I hope I’ve been helpful here in this brief space. Feel free to hit me up with more questions. Thanks again for reading my book and telling your readers about its benefits. I hope it makes a positive impact for the Kingdom.

    Blessings,

    Jeremy Royal Howard
    http://www.jeremyroyalhoward.com

  4. Tim Farley says:

    Jeremy Royal Howard:

    Thank you for stopping by and offering your thoughts. I truly did enjoy your book I and recommend it to anyone who wants a better understanding of how Jesus fits into the biblical narrative. I truly believe that most people, Christian and non-Christian, lack in their understanding regarding Jesus’ role. This may be because we focus so much on the small details of the text and we seldom look at the big picture. Your book is a great help.

    I did not mean to insinuate that your view of how the Pentateuch was written is wrong. In fact, I agree with you. I was thinking about those who do hold to a faulty dictation view when I said some may get nervous. Unfortunately, I think there are still many who hold this view in our conservative churches.

    When it comes down to it, I think many Christians are unsure about how divine inspiration, human authorship, and the original editing/collecting of information (including oral history) all fit together.

    Thanks again for your comments.

  5. Tim,

    My pleasure. You’ve a fine blog going here. I’ve kicked around your site some and like it. Keep it up!

    And please know that I did not think you were calling into question the merits of the view I defend in my book. It’ll come as no surprise to you that I’ve already engaged in a few explanatory conversations over this very same issue as readers stumble across it for the first time. In the final analysis one of the better things I’ll achieve through this book may be introducing this and other overlooked apologetics issues to a general readership.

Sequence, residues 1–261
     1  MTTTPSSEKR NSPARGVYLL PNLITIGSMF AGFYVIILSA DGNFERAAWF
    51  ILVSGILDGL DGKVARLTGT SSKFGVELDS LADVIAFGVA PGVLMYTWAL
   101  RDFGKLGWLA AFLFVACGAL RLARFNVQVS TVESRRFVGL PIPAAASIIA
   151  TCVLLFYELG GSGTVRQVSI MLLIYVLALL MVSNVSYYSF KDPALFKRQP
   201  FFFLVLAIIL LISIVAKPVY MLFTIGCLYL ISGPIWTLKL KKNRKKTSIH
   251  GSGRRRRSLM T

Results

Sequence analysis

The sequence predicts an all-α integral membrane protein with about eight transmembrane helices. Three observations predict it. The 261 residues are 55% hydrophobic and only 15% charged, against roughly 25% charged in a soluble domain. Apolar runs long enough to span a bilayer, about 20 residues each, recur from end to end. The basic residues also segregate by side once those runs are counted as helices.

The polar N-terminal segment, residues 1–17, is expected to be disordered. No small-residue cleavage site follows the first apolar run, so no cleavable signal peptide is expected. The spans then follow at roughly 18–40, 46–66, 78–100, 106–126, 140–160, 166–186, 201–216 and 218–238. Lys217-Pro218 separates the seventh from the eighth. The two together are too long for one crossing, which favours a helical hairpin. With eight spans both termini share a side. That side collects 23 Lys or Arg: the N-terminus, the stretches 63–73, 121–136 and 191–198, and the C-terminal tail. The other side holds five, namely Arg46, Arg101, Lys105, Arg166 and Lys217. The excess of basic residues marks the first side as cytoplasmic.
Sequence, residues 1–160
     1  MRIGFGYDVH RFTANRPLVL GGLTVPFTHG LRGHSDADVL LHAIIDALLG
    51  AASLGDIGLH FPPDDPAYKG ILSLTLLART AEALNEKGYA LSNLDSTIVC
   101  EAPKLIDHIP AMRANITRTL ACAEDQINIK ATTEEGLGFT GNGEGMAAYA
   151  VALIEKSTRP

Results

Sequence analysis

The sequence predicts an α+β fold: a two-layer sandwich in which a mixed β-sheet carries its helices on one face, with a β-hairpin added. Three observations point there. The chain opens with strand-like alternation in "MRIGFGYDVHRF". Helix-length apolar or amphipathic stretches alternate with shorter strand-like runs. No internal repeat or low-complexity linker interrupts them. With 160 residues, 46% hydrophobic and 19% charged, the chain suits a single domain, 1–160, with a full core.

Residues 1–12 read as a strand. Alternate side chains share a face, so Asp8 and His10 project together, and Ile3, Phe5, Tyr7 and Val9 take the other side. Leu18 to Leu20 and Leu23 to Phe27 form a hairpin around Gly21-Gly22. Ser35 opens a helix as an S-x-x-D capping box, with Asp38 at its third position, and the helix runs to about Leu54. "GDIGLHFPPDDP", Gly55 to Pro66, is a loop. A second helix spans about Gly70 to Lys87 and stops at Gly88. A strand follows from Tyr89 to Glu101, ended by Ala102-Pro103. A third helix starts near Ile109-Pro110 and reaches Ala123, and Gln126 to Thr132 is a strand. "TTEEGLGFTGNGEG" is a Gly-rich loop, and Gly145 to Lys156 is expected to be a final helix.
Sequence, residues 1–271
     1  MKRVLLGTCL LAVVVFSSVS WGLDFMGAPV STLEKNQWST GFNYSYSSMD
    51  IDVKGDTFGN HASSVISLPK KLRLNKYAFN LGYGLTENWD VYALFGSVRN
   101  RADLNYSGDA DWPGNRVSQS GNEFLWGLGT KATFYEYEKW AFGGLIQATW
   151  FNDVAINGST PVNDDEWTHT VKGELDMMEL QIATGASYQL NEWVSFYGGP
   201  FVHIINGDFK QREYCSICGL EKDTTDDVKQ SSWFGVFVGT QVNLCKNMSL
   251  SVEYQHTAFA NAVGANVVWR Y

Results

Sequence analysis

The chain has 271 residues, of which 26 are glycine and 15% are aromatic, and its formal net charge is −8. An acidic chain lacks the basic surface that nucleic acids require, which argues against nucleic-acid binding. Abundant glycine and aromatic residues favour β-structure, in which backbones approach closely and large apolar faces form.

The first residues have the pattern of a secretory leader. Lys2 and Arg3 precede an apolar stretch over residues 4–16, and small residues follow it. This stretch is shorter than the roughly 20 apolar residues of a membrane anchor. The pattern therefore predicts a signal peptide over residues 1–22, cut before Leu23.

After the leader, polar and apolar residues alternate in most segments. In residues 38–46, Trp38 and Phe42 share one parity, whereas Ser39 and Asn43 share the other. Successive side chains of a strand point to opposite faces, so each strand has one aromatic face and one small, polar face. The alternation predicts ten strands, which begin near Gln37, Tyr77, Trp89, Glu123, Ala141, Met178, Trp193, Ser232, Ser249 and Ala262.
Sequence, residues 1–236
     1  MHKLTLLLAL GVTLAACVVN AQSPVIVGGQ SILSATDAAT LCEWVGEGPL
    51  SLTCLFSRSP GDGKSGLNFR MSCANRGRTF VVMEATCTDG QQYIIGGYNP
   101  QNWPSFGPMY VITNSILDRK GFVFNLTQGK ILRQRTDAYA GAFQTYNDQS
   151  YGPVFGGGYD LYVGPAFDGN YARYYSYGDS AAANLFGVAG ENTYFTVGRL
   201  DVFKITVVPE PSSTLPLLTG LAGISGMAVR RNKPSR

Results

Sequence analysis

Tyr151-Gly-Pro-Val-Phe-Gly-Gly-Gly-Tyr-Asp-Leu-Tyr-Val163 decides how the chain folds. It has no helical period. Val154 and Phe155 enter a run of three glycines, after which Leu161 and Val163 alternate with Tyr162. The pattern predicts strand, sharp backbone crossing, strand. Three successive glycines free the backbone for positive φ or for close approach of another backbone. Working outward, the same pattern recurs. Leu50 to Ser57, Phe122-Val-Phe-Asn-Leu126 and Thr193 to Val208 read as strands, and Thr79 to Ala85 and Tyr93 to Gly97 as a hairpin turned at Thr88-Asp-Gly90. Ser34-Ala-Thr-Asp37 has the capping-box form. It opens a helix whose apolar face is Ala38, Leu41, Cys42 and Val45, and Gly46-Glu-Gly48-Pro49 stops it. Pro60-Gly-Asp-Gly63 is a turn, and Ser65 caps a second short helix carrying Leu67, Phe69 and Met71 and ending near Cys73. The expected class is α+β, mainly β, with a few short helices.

Happy Easter, Tim.

    Jeremy Royal Howard
    http://www.jeremyroyalhoward.com

  6. Julia says:

    I saw your post about this book and then looked at it at Family Christian Stores here where I live. Do you think this is a good book for someone without a lot of Bible knowledge? I have been in church for most of my life, but I do not feel like I really understand the Old Testament. Will I be lost if I try to read this book?

    Tim, I have been reading your site for a couple of months and decided to finally comment when I saw the author of the book is answering questions here. How neat!

  7. Tim Farley says:

    Julia:

    Thank you for reading and for commenting. I think this book is very useful for someone with little or no thorough understanding of the Old Testament. Only the first few chapters of the book are dedicated to covering the OT and Mr. Howard does it in a way that will help any reader come to a better understanding of how the Old and New Testaments fit together. There is not a lot of technical language, but the book does present the major themes behind the importance of an expected Messiah and then the birth of Jesus as that long-awaited Messiah.

    I think this book would be helpful to you (and others) if you desire to have a greater understanding of how the Old Testament points to Jesus Christ.